The wooden bow tie by Willow and Warson.
The wooden bow tie by Willow and Warson.

Men’s Fashion Issue | Luxury is relative

Fendi, Jeremy Hackett and wooden bow ties by Willow and Warson underscore experiential gratification to all the brands

There is something seductive about good retail spaces. Something that draws you in, enchants you, transports you to another world, tempers your reasoning abilities…and makes you vulnerable to all kinds of overt and subtle messaging. All the retailer then has to do is place the product in front of you and point you towards the nearest cash register.

And I don’t mean this in a bad way.

After all, the entire purpose of retail space is to make you want to spend money. The ideal space is one that not only draws you in, but also makes you feel rewarded for having made the purchasing decision. Yet, it is amazing how rare this epiphanic, if you will, retail experience is.

One of my favourite retail spaces in the world is the Muji store inside the Selfridges department store in London. The minimalist Japanese brand does have standalone stores in London and elsewhere. But there is something about its space inside Selfridges that is particularly alluring.

First of all, I love everything Muji makes. From their cheapest fountain pen, to their trendy clothing that I can almost never fit into. Their notebooks, in particular, make me go weak in the knees every single time.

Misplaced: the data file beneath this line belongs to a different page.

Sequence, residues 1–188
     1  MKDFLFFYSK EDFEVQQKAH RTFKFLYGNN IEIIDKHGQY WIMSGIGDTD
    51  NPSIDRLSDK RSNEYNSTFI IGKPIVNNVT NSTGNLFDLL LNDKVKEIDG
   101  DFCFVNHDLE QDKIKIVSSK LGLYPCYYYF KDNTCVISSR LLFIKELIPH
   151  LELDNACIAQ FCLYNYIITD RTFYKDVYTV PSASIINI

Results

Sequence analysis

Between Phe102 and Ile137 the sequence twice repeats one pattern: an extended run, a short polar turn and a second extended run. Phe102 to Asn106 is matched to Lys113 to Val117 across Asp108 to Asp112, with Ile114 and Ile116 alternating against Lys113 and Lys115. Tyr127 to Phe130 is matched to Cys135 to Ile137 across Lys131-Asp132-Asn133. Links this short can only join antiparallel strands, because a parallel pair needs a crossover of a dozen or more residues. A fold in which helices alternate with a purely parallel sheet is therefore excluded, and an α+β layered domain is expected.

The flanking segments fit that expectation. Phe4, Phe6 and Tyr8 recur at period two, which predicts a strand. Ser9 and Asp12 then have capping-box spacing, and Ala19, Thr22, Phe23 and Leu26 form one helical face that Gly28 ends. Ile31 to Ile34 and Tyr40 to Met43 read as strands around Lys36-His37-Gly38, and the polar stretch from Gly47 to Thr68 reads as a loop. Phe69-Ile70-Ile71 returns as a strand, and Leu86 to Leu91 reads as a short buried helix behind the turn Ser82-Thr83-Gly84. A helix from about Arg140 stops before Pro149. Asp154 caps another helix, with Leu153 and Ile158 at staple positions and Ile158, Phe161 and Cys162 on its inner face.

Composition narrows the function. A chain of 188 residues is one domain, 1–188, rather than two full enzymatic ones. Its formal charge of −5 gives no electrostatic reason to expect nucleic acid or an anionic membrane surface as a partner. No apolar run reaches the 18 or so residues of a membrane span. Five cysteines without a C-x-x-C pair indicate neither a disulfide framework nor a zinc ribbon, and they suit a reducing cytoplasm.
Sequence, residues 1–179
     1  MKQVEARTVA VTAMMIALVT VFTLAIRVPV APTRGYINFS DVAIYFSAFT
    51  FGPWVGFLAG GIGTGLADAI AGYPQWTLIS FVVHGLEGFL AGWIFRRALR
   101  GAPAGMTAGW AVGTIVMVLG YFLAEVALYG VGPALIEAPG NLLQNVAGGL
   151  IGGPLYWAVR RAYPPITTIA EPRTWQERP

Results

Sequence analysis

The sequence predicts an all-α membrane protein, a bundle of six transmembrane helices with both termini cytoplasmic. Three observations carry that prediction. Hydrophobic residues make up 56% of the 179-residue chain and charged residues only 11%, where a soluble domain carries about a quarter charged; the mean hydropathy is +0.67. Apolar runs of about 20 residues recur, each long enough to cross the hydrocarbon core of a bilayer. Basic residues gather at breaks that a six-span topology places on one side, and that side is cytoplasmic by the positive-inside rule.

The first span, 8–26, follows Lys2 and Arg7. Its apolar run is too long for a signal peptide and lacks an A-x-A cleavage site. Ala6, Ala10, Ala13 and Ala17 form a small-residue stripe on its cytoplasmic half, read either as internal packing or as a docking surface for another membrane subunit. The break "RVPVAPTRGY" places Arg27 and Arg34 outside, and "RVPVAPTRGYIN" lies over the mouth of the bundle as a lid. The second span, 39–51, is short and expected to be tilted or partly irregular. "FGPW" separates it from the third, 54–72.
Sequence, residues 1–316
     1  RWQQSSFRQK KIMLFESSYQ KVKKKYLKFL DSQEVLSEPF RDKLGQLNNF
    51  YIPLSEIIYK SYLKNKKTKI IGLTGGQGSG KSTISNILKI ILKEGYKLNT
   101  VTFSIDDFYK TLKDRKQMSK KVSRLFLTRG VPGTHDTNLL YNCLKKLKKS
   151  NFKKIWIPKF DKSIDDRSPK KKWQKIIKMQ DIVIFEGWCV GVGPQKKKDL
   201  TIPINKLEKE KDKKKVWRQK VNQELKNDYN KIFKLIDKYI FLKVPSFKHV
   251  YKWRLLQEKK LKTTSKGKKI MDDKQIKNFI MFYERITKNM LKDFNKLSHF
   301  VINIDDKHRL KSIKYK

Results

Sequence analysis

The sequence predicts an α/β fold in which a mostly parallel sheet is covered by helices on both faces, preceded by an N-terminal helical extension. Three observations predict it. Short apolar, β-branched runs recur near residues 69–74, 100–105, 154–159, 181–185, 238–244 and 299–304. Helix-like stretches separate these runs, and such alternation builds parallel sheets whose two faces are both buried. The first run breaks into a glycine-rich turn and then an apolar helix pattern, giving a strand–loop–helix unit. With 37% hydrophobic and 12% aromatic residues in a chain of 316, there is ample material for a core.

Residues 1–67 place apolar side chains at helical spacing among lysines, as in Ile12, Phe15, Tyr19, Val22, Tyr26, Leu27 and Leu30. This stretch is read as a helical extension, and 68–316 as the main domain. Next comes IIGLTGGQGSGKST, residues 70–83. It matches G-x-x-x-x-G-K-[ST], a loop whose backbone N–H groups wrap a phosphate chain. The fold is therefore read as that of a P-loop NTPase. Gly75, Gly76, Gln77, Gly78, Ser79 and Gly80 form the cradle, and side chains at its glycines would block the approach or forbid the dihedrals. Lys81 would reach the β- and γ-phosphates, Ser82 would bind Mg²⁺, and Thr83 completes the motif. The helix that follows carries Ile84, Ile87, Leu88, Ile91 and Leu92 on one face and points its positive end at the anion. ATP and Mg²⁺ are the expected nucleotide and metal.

But there is more to the allure of this particular store. And I think it has to do with the fact that it is located inside Selfridges. Compared with the lavish prices that surround this island of Japanese tranquility, Muji’s prices seem entirely reasonable. Suddenly your brain starts playing tricks on you. ‘‘Go on," it says, ‘‘go on. Buy a notebook. And a pen. And that laptop sleeve. Go on. Look at those prices. Compare those to the other brands here. So reasonable! So good! So virtuous! How responsible of you to spend so wisely!"

Slowly the endorphins kick in, the pupils dilate, the pulse rate quickens. Fifteen minutes later, you’re walking down Oxford Street feeling entirely grand about things. Of course, you didn’t need another notebook. But it is so nice, you think to yourself. And it was such a bargain.

There is an element of this experiential gratification to all the brands we feature in this month’s special issue on men’s fashion. Fendi’s Pietro Beccari tells us how luxury is a lifestyle proposition and not just a matter of making and selling things. Jeremy Hackett has created a brand that combines traditional values with a gentle, subtle modern twist. And there are the wooden bow ties by Willow and Warson.

You’ll just have to see them to believe them.

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